Art by Molly
No one ever said that YouTube should be solely comprised of cat videos. I can’t imagine that ten years ago parents would brag about their child’s success making Internet videos, but in these times of digital immersion, becoming a YouTuber is not only possible but also profitable. People seek their fifteen minutes of fame all the time, and most would be inclined to think that YouTubers seek this kind of fame as well.
In actuality, some of the more notable YouTubers, for example, the Vlogbrothers, Hank and John Green, began Brotherhood 2.0 as a means of just keeping in touch with each other in 2007, and it blossomed into so much more. I think people tend to write of their success story so often because their goal was not just to entertain, but to inform the online viewership of world events and of the good they could restore in the world (The Project for Awesome). These brothers have branched out into other YouTube channels, Crash Course and SciShow, created their own record label, DFTBA Records, instated VidCon, an annual convention for YouTubers, and even produced a very addictive adaptation of classic novel- The Lizzie Bennet Diaries. Talk about having your bases covered.
Whatever your interest, be it sketch comedy, make-up and fashion tips, even just tutorials on how to switch up your RAM, you can find it on YouTube. Most of these more professional vloggers are paid by advertisers and management companies to produce a certain number of videos per week. The Vlogbrothers and Nerdfightaria, among other notable YouTubers such as Hannah Hart (MyDrunkKitchen), Grace Helbig (DailyGrace), Alex Day (Nerimon), Chris Kendall (Crabstickz), and Charlie McDonnell (Charlieissocoollike) all had humble beginnings and now because of their online notoriety, have been offered amazing opportunities.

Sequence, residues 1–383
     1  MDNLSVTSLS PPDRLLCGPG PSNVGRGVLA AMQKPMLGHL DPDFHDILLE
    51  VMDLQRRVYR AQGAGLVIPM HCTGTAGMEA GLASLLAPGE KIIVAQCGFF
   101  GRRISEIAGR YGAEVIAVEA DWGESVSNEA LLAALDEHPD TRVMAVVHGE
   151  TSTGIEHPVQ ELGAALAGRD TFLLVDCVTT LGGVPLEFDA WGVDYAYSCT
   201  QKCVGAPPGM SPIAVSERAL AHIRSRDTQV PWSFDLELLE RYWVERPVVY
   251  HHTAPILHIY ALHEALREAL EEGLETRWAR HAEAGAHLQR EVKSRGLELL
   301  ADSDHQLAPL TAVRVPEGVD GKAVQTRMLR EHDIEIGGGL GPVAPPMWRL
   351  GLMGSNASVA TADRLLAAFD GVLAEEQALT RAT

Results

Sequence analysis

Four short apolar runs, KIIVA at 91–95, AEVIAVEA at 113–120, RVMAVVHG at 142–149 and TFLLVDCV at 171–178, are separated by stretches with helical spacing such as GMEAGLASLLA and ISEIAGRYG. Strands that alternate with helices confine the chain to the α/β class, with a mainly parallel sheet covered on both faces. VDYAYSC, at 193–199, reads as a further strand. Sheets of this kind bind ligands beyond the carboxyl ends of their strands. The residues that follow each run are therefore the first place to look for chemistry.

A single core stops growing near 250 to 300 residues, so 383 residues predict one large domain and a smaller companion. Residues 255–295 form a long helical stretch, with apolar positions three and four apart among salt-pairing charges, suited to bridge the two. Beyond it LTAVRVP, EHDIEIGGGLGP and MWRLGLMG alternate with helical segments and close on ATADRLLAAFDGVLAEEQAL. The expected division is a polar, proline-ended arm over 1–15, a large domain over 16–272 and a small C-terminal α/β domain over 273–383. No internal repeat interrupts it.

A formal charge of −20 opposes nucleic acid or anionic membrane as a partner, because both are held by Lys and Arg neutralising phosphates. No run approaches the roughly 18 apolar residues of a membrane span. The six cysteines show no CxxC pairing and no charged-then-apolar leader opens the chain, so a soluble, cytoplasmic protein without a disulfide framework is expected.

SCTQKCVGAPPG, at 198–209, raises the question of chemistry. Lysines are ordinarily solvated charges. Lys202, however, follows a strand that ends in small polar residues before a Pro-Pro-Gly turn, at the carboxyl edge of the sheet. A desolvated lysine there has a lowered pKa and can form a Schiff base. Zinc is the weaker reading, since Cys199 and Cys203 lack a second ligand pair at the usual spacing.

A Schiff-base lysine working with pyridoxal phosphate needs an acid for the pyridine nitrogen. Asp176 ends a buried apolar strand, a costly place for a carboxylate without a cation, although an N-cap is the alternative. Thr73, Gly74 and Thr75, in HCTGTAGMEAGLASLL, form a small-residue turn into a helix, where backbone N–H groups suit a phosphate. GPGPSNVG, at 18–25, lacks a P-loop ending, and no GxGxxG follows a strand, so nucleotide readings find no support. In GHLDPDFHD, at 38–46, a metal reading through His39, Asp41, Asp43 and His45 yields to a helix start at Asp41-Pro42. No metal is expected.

So how do you reach this point? How exactly do you go from talking to a camera twice a week to sponsorships and meet and greets with Pixar’s John Lasseter? From what I can glean, it’s about personality, a social media presence, and an unabashed belief in yourself. It’s a pretty scary thought to upload a video online, for the whole of the world to see. It’s ok to make mistakes; it’s fine if your video isn’t HD and filmed in a studio.
Viewers respond most to the YouTubers that are relatable and dedicated to their subscribers. One way to get noticed is to leave video responses on more famous YouTuber’s videos, you’d be surprised how often this works! Gaining viewership is just one obstacle in this journey of becoming a successful vlogger; once you have it, you gotta keep their attention. Branding and marketing yourself is key- integrate all your social media and invite criticism, invite banter!
But the most important aspect to take away from this is to never stop creating. Like writing, uploading videos should be like exercising a muscle, so you build on your past experiences and really grow in content and technique. YouTube can become whatever you want it to be: a personal diary, or an invitation to an online community, or as the trusty media scholar Marshall McLuhan would say, “the global village.”
Even established YouTubers feel the anxieties of this continually creative process. This success as a YouTuber is not easy work, nor is it instantaneous, so don’t be discouraged. If you have an idea or an opinion to share, just remember that all it takes to join these ranks is the courage to click “upload” and watch it go live.